The Business Travel Association (BTA) has called on airlines to adhere to IATA regulations and offer refunds to corporate travellers.
Many major overseas carriers are continuing to refuse to offer refunds, even where flights have been cancelled as a result of government advice or action, in breach of IATA ruling 824r.
These airlines are instead offering customer credit vouchers which prevent the BTA’s member travel management companies from refunding their corporate traveller customers, and their companies. These credit vouchers are often valid for up to a year or two and will be lost if not used within that timeframe.
The Guardian reported that some airlines are offering switches to flights in the future, in some cases at a higher cost.
The BTA is calling on all airlines to offer cash refunds rather than vouchers, through the quickest means possible.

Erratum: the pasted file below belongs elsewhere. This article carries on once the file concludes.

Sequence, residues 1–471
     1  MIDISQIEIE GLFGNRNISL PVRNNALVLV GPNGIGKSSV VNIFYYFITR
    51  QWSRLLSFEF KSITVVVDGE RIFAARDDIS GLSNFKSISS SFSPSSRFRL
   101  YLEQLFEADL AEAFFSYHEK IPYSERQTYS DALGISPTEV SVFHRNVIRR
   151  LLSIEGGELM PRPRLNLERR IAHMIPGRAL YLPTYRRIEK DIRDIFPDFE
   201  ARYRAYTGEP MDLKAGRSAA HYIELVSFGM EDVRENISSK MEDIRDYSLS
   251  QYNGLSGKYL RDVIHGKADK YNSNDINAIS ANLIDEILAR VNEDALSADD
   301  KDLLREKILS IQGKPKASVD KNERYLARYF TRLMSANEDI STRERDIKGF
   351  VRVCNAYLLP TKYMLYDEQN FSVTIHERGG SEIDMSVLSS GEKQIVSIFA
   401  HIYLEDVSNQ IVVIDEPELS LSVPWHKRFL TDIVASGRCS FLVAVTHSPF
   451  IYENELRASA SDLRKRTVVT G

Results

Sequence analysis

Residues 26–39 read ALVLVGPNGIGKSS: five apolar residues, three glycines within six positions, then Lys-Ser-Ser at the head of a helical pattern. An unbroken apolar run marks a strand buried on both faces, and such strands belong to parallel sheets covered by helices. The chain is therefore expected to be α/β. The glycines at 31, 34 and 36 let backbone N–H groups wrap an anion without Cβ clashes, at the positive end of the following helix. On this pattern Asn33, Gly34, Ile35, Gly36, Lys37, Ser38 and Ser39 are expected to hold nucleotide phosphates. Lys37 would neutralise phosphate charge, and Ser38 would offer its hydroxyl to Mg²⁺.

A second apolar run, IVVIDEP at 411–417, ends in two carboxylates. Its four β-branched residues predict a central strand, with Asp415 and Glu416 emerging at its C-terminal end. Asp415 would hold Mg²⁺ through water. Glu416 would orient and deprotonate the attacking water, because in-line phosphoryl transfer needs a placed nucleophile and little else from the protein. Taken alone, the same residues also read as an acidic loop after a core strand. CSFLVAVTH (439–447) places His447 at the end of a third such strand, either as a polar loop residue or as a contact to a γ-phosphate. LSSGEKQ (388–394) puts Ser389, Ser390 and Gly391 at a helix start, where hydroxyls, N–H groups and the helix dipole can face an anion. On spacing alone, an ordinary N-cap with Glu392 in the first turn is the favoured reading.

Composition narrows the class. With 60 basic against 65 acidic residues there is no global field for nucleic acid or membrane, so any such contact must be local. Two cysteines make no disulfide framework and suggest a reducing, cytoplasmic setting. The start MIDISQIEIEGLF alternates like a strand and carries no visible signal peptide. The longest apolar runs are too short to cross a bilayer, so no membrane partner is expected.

This will enable TMCs to reimburse their clients and ensure that corporate travellers and their companies are not unfairly penalised due to the pandemic.
Clive Wratten, the BTA’s CEO, said: “We understand that these are very challenging times for the airline industry, but those difficulties are also being faced by other parts of the business travel supply chain and, indeed, across the wider business community.”
“The business travel industry will play a vital role in the UK’s economic recovery but, for that to happen, we need to work together now.”
The US Department of Transportation requires airlines to give passengers the option of a refund if their flight is cancelled, whether or not it is the airline’s fault.
In the UK, British Airways and Ryanair are among the airlines that are now offering full refunds for cancelled flights.
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